“What Stalin offered Mao was not only a manual for purging his peers but also an explanation of why it was necessary. Purging his rivals was the only way a vanguard party could ‘purify’ itself, remain true to its revolutionary nature and prevent capitalist restoration.
“Crucially, Mao split with Khrushchev because Khrushchev split with Stalin and everything he stood for. We hear a lot about how Xi and his peers blame Gorbachev for the collapse of the Soviet state but actually their grievances go back much further. They blame Khrushchev for breaking with Stalin. And they vow they will never do to Mao what Khrushchev did to Stalin. Now, 60 years on, we’re seeing Xi making his claim to be the true revolutionary successor of Mao. This is the language the deep red princelings spoke when together and occasionally when I interviewed them and crashed their gatherings in the lead-up to the 18th party congress.”
Garnaut quotes from Xi’s speech: “To dismiss the history of the Soviet Union and the Soviet Communist Party, to dismiss Lenin and Stalin, and to dismiss everything else is to engage in historic nihilism, and it confuses our thoughts and undermines the party’s organisations on all levels.”
This is the logic driving Xi’s “ever-deepening purge of peers”: of challenger Bo Xilai, security chief Zhou Yongkang, two vice-chairs of the PLA Central Military Commission, Xu Caihou and Guo Boxiong, Youth League fixer Ling Jihua, and potential successor, Sun Zhengcai. “None of this is personal,” Garnaut said. “It’s dialectical. And inevitable.’’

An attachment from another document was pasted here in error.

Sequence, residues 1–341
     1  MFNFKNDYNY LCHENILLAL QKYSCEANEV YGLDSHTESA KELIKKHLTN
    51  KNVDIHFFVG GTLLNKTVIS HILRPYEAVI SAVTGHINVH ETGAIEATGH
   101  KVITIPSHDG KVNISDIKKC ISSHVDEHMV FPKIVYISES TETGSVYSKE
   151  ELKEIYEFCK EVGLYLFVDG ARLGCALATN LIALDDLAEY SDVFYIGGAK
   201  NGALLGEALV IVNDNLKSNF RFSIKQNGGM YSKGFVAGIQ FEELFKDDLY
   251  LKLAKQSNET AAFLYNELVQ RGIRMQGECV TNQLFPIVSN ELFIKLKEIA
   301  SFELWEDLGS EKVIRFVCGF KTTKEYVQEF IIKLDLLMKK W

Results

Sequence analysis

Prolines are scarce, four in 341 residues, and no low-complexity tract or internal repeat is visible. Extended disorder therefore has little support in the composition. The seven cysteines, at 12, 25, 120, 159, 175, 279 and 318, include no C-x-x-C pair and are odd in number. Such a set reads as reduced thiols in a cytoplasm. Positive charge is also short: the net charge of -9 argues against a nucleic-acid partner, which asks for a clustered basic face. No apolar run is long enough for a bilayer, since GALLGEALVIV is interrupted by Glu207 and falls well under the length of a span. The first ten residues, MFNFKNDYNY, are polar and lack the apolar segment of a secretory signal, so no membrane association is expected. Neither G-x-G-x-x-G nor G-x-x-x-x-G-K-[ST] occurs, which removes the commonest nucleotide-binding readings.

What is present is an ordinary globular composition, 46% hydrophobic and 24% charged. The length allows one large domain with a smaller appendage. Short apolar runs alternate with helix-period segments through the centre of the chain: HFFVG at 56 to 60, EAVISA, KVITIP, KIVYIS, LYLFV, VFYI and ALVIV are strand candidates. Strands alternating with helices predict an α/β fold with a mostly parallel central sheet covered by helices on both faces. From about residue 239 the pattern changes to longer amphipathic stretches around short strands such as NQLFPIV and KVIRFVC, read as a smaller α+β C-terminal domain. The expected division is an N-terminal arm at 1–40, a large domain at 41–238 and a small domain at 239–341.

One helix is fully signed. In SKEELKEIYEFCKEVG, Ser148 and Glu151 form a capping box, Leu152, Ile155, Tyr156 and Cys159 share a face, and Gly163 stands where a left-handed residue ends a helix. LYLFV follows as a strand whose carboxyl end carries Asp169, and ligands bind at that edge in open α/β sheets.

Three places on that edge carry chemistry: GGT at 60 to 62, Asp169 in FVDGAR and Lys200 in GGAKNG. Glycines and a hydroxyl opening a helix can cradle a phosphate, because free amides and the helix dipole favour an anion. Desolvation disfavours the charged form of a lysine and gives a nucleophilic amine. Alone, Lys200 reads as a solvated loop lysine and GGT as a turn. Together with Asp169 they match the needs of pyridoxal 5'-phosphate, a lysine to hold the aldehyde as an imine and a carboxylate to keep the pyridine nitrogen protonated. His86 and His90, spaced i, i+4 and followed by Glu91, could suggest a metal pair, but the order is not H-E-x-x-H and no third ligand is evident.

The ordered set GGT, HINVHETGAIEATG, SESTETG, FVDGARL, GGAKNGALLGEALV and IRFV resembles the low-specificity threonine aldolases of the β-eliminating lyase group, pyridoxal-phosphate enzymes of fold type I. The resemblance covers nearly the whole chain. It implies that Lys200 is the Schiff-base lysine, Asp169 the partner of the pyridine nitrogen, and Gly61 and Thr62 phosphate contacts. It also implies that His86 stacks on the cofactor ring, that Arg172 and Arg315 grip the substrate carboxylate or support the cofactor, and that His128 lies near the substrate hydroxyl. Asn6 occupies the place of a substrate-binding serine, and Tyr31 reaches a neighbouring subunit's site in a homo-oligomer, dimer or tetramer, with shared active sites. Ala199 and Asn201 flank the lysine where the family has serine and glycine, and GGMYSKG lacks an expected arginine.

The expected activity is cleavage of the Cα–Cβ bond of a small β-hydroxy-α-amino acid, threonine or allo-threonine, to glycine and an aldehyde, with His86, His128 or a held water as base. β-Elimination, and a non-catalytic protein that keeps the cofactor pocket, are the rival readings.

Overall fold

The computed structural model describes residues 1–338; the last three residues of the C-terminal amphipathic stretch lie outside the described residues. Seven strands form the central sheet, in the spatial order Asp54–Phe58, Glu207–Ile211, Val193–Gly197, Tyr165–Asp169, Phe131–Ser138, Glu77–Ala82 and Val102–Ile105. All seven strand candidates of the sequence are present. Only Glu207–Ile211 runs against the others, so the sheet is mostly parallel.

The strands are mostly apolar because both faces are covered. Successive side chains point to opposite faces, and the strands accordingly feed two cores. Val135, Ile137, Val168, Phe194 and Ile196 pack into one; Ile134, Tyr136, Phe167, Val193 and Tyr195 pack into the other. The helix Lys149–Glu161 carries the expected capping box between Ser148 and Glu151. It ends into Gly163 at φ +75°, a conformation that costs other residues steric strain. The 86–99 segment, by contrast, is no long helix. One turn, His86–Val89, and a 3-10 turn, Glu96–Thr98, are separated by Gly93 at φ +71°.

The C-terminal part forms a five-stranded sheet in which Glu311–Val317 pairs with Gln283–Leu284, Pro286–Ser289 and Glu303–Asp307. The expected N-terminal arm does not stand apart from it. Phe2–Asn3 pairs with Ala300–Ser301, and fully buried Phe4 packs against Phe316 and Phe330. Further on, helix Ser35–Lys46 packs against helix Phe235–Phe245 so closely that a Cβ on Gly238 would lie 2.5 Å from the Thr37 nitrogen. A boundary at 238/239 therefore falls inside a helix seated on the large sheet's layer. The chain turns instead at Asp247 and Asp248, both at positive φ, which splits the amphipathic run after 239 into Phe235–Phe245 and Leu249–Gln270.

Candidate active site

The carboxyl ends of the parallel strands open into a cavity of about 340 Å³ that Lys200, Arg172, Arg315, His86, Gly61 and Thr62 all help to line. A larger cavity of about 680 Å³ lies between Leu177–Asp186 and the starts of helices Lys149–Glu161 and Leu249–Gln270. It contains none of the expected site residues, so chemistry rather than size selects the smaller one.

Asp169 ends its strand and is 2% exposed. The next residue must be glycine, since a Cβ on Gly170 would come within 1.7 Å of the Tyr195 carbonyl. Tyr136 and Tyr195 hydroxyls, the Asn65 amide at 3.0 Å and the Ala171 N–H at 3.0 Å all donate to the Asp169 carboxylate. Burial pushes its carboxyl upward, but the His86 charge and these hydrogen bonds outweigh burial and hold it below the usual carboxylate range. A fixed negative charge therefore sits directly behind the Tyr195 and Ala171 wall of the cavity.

“History needs to be pushed along its dialectical course,” said Xi in his speech marking the party’s 95th birthday in 2015. “History always moves forward and it never waits for all those who hesitate.”
Garnaut says: “The essence of Maoism and Stalinism is perpetual struggle. This is the antidote to the calcification and putrefaction that has destroyed every dynasty, dictatorship and empire. This is why Xi and his peers believe Maoism and Stalinism is still highly relevant. Not just relevant, but existential. Xi has set in motion a purification project, a war against the counter-revolution, that has no end point because the notional utopian destination of perfect communism will always be kicked a little further down the road.” It is why extreme politics cannot stop at the 19th party congress.
Garnaut asks: “Who was the world leader who described artists and authors as ‘engineers of the human soul’ and said ‘the production of souls is more important than the production of tanks’?”